Where Mercy Girls Become Women of Mercy

Molded by Mercy

nystrom_kelly-jpgTeacher, health care advocate, clinician, cancer specialist, and active alumna— all these words and phrases might describe Kelly K. Nystrom ’86. Kelly is an Associate Professor of Pharmacy Practice at Creighton University. She has been in that role for 16 years.

At Mercy Kelly participated in a number of activities including the Journalism club, serving as one of the photographers, National Honor Society, and the debate team. She recalls Sr. Rosemary, the debate coach, worked very hard to make sure they were successful, confident young women.

“[Sr. Rosemary] not only taught us how to develop our critical thinking skills for debate, but she spent time making sure we did well on other things like standardized tests and became independent women. She even taught me how to pump gas before I could drive!” she said.

Kelly says she left Mercy a much more confident person and with stronger faith. She remembers Sr. Rosemary used to pray the Memorae before each debate competition.

“The Memorare is my favorite prayer today,” said Nystrom. “And I still cannot say it without thinking of Sr. Rosemary.”

After graduation, Kelly attended the University of Nebraska-Lincoln for three years and lived with Mercy classmate Melissa Revers Lorenzen all three years. She transferred to University of Nebraska Medical Center (UNMC) for pharmacy school, graduating in 1993 with a PharmD. After that, she moved to Charleston, West Virginia to complete a one-year Pharmacy Practice residency.

She has worked in various health care positions prior to her appointment at Creighton. Kelly spent time at the University of Iowa Hospitals and Clinics in their oncology inpatient satellite and clinic and at Nebraska Medicine in their bone marrow transplant unit and inpatient oncology unit. She is a Board Certified Oncology pharmacist.

“Mercy gave me the confidence to know that I had the ability to do almost anything I wanted, as long as I was willing to work hard and put in the effort. Mercy instilled a sense of responsibility and citizenship as well. I find myself taking on responsibilities or doing things at work, not necessarily because I want to, but because I know it is the right thing to do,” she explained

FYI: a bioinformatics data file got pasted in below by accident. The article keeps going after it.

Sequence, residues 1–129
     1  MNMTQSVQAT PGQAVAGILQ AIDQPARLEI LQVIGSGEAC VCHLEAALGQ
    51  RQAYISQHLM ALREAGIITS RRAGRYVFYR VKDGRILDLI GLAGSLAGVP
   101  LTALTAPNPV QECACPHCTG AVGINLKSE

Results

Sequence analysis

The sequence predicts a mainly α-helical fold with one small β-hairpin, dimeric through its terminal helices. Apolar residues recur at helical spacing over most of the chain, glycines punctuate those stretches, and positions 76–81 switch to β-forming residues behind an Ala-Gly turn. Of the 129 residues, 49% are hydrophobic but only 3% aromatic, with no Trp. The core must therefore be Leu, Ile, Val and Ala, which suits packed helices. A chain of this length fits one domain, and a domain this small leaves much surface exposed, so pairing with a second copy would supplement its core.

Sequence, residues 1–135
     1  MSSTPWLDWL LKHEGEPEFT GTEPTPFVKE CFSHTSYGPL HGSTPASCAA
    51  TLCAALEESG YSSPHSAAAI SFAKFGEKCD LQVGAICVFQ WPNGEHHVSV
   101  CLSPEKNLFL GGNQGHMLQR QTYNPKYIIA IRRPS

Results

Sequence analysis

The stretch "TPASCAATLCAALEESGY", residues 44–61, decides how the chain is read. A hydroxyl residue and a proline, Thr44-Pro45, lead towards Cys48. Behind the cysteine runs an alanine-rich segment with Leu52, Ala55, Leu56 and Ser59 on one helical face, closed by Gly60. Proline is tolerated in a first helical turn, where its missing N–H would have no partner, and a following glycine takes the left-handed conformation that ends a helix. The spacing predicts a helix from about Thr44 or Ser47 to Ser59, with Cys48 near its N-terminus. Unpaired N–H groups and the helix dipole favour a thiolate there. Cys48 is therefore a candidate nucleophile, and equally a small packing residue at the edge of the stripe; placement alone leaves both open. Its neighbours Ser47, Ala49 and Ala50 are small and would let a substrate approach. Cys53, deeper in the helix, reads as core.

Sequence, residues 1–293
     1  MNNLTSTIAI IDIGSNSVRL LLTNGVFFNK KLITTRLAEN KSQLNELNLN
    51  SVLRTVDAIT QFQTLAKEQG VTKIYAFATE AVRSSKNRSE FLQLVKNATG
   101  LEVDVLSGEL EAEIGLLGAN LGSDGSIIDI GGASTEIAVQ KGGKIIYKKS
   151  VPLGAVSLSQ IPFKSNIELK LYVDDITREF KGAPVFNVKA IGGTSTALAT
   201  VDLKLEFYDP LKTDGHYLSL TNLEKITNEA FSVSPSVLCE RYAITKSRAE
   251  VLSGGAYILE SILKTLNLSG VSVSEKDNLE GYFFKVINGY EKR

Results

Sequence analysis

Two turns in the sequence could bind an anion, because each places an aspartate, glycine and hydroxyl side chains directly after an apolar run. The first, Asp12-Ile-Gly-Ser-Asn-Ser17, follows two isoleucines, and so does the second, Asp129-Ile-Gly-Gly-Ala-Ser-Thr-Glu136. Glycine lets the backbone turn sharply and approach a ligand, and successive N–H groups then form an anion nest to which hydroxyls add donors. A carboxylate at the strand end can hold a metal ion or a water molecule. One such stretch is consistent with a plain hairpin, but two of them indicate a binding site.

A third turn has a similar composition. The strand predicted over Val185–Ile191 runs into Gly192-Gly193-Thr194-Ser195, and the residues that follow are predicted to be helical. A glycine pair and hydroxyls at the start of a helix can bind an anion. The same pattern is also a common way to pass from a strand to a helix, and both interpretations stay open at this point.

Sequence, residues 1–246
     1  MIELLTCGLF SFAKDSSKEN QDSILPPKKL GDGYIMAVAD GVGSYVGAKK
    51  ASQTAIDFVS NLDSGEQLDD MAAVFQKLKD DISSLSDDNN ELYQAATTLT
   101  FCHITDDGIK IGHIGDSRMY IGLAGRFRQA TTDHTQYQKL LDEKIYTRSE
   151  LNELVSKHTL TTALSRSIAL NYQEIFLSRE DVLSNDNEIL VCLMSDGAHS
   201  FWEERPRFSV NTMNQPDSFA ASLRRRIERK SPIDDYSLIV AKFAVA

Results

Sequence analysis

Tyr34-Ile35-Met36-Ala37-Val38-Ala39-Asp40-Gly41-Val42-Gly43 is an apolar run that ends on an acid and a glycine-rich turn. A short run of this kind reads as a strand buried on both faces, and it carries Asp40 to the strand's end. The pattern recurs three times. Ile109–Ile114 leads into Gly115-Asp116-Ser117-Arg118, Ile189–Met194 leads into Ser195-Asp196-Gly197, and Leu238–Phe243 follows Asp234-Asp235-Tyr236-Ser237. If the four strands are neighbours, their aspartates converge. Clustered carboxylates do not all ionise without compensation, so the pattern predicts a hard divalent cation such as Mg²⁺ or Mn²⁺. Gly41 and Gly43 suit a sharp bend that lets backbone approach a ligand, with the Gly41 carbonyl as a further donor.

And still, Kelly believes the biggest impact Mercy has on her was the friendships she created while she attended Mercy.

“I still see many of my classmates on a regular basis and we have supported each other through good and bad times. I don’t know what I would do without my Mercy sisters!” she added.

She is currently a member of the Mercy Alumnae Council, where she helps with alumnae events such as the Golden Guild Tea.

“At the Golden Guild tea I love watching the awe some of our graduates experience when they see how much Mercy has changed. I also like to hear them talk about their memories and many of the traditions we have still today,” she added.

Kelly feels strongly about the FIESTA because it raises money for the Negotiated Tuition Program.

“Mercy provides a service to the community through its Negotiated Tuition Program. Many of the girls would not be able to attend the school without this program,” she said.

Kelly is also quick to point out what a difference Mercy makes.

“Mercy is so much more than four years of high school. Mercy Girls take the experience they receive at Mercy and ‘pay it forward’ in their communities, impacting the lives of so many others,” she said.

Kelly should know. She is one of those alumnae impacting the lives of college students studying in a critical health care field.